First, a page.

Lovingly, Pamela

 

“When a friend calls to me from the road

And slows his horse to a meaning walk,

I don’t stand still and look around

On the hills I haven’t hoed,

And shout from where I am, What is it?

No, not as there is a time to talk.

I thrust my hoe in the mellow ground

Blade-end up and five feet tall,

And plod: I go up to the stone wall

For a friendly visit.”

 

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A native San Franciscan, Robert Frost is a four-time Pulitzer Prize winner in poetry.  His work mainly focused on making sense of complicated social and philosophical themes of rural life. He had six children with his wife, Elinor. Sadly, 4 of those children died at a young age. Consequently, Frost had a very difficult personal life, and he wrote powerful literature. Soon after moving to England with his family, Frost published his first book of poems which did very well. When he returned to the states, he was well received by the literary world. His works were so popular that he was soon published by those who had rejected him before his move to England, including The Atlantic. 

Frost was best known for his ability to depict rural life and the countryside. His first book of poems, A Boy’s Will, was published in 1912. Shortly after, he published North of Boston. One of his most famous individual poems is “The Road Not Taken.

Frost then became a professor at several colleges. At Amherst College, they named their main library after Frost. Throughout his life he received more than 40 honorary degrees.  He was asked to write and recite a poem for the John F. Kennedy’s inauguration, a huge honor.  His legacy still lives on today as he is one of the most famous poets.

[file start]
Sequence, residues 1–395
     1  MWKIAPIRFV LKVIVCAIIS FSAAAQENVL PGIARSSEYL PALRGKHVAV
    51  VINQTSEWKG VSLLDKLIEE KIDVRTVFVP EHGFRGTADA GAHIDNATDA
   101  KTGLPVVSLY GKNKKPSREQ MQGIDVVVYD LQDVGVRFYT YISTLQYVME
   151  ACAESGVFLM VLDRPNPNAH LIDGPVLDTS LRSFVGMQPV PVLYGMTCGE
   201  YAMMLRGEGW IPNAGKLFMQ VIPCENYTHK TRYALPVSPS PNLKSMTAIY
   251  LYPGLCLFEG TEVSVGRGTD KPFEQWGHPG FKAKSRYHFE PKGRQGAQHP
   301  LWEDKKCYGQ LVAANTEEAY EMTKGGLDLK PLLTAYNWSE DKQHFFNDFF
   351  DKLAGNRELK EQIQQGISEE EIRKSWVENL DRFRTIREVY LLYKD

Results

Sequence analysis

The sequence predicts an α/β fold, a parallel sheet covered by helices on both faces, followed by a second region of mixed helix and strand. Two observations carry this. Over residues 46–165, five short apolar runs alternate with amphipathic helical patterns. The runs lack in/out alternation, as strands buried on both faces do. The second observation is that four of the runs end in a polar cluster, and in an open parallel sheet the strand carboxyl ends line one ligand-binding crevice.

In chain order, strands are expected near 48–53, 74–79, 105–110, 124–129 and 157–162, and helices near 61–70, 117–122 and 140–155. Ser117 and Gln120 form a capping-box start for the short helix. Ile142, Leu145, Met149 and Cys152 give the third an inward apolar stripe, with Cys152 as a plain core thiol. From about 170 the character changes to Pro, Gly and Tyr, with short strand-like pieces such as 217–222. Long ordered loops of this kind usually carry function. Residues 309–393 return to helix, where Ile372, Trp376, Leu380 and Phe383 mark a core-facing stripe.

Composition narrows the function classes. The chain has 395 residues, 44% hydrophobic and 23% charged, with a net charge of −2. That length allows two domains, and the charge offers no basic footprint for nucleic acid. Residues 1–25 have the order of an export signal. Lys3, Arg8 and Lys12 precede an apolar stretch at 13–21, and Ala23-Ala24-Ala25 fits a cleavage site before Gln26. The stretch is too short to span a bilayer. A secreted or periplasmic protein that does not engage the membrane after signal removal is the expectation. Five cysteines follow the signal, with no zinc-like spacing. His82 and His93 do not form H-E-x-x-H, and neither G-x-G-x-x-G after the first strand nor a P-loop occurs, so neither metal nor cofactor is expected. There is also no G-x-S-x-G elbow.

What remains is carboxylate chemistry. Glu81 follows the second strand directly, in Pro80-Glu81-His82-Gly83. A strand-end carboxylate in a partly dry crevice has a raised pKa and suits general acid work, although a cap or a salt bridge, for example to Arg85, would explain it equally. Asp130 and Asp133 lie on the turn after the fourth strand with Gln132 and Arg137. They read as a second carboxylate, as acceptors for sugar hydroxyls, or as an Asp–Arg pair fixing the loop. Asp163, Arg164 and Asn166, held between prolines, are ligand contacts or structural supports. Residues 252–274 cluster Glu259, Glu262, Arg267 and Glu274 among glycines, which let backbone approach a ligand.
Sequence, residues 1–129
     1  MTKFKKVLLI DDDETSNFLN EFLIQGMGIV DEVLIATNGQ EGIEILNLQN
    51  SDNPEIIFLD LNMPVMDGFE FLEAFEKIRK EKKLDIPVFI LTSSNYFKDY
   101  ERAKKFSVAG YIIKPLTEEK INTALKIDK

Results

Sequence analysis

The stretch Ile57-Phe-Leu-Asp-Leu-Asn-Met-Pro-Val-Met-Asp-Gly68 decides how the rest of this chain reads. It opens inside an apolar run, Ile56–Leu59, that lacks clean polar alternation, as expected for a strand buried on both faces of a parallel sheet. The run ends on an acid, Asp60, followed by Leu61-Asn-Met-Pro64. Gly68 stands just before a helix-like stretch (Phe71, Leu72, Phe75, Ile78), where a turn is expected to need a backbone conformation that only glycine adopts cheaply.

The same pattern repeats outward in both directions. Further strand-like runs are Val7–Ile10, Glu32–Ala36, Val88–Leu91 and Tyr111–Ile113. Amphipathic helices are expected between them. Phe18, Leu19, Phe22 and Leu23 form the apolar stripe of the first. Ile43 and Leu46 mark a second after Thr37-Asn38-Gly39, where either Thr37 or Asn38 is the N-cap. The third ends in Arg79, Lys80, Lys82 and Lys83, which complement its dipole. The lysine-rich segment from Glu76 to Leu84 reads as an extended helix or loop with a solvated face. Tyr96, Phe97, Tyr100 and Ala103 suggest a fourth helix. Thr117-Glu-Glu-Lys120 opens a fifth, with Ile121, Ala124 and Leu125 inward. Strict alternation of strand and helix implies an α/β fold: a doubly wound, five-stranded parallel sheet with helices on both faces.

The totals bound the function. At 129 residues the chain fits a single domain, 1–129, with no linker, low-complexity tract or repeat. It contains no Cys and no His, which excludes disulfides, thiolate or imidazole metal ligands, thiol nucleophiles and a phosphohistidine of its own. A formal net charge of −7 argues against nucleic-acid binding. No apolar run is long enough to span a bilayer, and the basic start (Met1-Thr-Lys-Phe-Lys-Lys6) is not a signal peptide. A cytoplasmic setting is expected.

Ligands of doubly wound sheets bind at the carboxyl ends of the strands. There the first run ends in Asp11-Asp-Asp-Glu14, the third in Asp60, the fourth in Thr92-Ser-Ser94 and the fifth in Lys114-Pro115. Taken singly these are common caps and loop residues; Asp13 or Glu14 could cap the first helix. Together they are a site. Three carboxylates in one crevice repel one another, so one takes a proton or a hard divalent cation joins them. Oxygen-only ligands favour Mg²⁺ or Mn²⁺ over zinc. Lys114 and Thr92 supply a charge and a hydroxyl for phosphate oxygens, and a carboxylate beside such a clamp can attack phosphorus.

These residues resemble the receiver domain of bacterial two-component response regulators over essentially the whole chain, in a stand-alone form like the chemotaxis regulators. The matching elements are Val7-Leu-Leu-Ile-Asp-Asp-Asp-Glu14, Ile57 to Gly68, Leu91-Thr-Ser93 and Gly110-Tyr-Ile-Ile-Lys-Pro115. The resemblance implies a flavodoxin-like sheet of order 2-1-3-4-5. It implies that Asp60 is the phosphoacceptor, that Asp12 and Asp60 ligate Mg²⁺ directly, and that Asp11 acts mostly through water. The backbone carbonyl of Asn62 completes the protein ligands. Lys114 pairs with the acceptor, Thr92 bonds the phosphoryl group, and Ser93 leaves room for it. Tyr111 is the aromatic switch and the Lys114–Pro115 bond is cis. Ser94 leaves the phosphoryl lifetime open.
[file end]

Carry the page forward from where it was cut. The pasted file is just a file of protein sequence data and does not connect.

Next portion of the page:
Classic Pamela Positive: Communicate With More Than Words

A photo by Dogancan Ozturan. unsplash.com/photos/94taEmdowRw

It is so amazing to me that when we communicate, the words really ‘come in third place.’

What’s first and second? First is the tone. If we are abrasive, affrontive, sarcastic then it doesn’t open up the conversation and action for change. Calm, proactive, inclusive, even — “slow” — conversations help provide dynamic change. It sounds as if it is an oxymoron. But allowing the participants to breathe in the interaction helps bring about the best and most inclusive solutions for all parties.

Second then is body language and what we communicate; third come the words.

“I thought about what is the happy.” ~Jae-Young Kim, UniversalGiving Intern

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We are so fortunate at UniversalGiving to have a lovely team of interns every day. They are from all over the world.  What a team we have!

 

This is from Jae-Young Kim, a wonderful intern who had this to say in his writing sample:

 

“Hi Pamela, here is my part of free writing that you wanted.

 

I thought about what is the happy and how we are happy. Even though they said that you are a volunteer and that does it, I don’t think about that. Because she and me both give happy feelings to each other. After this happened,  I realized that helping people is such happy work.  That’s the happy.  That’s why I found the NGO companies and Universalgiving was the best company that I found. I really respected that your company gives donations directly and helps not only people but also animals.”

 

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Jae-Young Kim is from San Francisco, California. He attended Pukyong National University in South Korea. When he was on our team, he was an executive assistant intern.

The Classic Pamela Positive: “Don’t Bunt.”

David Ogilvy

“Don’t bunt.  Aim out of the ballpark.  Aim for the company of the immortals.” –David Ogilvy

This is a beautiful clear message, especially in honor of our quirky, beloved Giants, about a clear focus.  A focus that aims for the best, drives for excellence, and holds the highest standards in mind.   Mr. Ogilvy did that with his advertising firm, and so we can choose to aim out of the ballpark in our chosen endeavor, too.

David Ogilvy (1911-1999) was a noted businessman, working in advertising.  He is often called “The Father of Advertising,” and was a key thinker in shaping modern advertising.